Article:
The Smarthockey ORIGINAL Stickhandling & Shooting Ball helps players develop a “feel” for the puck and super “soft” hands for better stickhandling, shooting and passing control. The patented 2-piece dynamic core technology is the only hockey training ball engineered to accurately simulate the weight, bounce, slide and contact height of an ice hockey puck so players can transition from off-ice training to on-ice play without noticing a difference. The solid core covered by a Surlyn shell eliminates any pliancy or "smushing" of the ball between the stick and the training surface. At 4.5 oz (128 g) the physics considers the “incremental weight” caused by the friction of off-ice training surfaces simulating the weight of a 6 oz puck. The combination of the shell and proprietary core matches the “dull” bounce of a puck’s vulcanized rubber. The tear resistant Surlyn shell rolls as quickly as a puck slides on a fresh sheet of ice. Finally, the diameter of the ball is 2.1875" making the height at which it contacts the stick 1.09" which is less than one tenth of an inch higher than an ice hockey puck. Warm up before games and practices or train in your garage, basement, on a tennis court, basketball court, paved street or driveway.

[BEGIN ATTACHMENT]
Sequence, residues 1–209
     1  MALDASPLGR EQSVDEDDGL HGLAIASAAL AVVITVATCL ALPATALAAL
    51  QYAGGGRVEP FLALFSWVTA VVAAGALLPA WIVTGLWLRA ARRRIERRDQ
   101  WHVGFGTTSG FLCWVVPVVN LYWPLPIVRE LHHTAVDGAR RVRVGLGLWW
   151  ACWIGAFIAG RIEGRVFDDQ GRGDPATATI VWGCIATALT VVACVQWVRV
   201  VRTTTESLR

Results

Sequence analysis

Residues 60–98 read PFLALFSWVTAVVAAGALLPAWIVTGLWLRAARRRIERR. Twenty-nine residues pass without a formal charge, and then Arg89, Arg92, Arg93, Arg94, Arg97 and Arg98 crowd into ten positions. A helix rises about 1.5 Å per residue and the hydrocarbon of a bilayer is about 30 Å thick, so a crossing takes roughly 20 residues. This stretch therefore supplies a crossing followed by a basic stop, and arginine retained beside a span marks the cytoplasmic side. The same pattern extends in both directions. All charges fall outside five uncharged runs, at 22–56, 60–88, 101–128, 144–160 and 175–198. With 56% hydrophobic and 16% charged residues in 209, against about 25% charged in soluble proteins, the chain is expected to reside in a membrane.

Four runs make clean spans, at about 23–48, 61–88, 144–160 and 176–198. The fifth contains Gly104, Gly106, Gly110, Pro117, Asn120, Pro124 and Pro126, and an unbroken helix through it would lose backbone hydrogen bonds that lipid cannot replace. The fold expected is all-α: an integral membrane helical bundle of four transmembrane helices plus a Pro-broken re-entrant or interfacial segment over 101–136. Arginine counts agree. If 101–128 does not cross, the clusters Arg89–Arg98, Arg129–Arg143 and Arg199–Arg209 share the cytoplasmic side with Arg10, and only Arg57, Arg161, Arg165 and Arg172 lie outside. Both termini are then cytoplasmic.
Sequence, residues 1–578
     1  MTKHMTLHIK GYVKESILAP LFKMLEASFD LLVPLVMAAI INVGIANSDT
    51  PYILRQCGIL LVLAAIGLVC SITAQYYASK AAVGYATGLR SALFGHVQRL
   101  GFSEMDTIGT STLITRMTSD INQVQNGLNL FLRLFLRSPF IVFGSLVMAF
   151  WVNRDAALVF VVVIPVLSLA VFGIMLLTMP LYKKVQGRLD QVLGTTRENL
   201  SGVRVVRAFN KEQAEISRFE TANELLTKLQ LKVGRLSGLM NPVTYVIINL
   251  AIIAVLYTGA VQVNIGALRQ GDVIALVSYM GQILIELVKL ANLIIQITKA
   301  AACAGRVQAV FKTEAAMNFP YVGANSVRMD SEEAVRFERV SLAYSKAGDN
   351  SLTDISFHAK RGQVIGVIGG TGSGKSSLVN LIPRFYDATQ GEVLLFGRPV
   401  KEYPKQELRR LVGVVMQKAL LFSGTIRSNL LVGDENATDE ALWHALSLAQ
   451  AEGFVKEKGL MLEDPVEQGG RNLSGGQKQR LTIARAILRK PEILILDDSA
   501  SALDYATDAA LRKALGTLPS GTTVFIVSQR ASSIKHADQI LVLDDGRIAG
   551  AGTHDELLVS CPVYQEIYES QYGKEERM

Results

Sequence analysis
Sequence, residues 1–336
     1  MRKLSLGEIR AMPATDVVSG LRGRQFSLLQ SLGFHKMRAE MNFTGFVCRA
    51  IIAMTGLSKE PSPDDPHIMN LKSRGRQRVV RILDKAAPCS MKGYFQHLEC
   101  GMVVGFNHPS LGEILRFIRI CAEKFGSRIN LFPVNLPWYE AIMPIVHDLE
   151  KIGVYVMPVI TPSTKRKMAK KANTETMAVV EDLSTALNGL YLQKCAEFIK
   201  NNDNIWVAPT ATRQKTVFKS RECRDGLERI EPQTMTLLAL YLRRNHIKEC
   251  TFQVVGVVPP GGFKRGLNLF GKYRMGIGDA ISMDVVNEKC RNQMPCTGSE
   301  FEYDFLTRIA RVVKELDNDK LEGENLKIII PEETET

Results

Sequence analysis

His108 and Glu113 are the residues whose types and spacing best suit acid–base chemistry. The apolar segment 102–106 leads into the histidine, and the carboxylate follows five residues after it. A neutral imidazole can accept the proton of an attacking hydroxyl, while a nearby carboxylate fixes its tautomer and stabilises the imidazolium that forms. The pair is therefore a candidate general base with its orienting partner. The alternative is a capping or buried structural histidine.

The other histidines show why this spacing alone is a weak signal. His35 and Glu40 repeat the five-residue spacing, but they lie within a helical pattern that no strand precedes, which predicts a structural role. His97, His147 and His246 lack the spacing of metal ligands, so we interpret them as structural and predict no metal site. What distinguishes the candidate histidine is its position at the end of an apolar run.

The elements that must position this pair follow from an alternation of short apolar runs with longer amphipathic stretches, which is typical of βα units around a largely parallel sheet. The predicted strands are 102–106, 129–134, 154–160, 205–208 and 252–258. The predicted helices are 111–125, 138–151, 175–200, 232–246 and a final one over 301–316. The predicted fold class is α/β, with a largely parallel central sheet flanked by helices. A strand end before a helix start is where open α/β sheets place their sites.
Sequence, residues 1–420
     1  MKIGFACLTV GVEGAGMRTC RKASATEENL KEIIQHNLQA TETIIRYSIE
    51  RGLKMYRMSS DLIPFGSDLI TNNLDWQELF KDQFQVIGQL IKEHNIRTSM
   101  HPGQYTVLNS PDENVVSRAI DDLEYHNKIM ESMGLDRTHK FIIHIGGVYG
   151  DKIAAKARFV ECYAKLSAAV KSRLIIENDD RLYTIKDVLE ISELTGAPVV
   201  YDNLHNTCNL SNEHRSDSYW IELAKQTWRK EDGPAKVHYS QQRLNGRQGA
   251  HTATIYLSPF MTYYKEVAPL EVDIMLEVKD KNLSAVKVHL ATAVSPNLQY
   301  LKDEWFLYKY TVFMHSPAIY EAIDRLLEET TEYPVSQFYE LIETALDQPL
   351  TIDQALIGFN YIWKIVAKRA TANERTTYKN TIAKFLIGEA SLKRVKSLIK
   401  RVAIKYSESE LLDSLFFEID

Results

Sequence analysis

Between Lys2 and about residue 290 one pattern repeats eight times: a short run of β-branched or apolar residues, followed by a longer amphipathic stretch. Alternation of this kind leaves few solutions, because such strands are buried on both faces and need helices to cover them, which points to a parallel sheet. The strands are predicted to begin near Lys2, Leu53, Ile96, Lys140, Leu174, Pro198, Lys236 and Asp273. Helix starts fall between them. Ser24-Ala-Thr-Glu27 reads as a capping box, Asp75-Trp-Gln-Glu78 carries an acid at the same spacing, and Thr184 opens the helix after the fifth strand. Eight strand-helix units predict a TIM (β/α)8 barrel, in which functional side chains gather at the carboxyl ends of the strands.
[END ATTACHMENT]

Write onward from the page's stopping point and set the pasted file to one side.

DEVELOP SUPER "SOFT" HANDS AND UNMATCHED "FEEL" FOR THE PUCK
The Smarthockey hockey training ball allows you to workout or warm up anywhere so you can develop super "soft" hands and a "feel" for the puck for stick handling, shooting and passing.
SAME WEIGHT, BOUNCE, SLIDE & CONTACT HEIGHT AS AN ICE HOCKEY PUCK
The exterior shell is constructed of surlyn (same material as a golf ball). This allows for speed, and to give the ball a "dead" bounce. The ORIGINAL Ball is 1-inch in radius for height and feels like a 6 oz. ice hockey puck.
PATENTED 2-PIECE DYNAMIC CORE TECHNOLOGY
The technology of the ORIGINAL ball starts with the core which is a patented compound that’s actually used for non-lethal bullets. It has perfect weight and bounce characteristics when combined with a Surlyn cover. The cover has a story too. It’s actually the same formula used in Titleist golf balls back in 1997.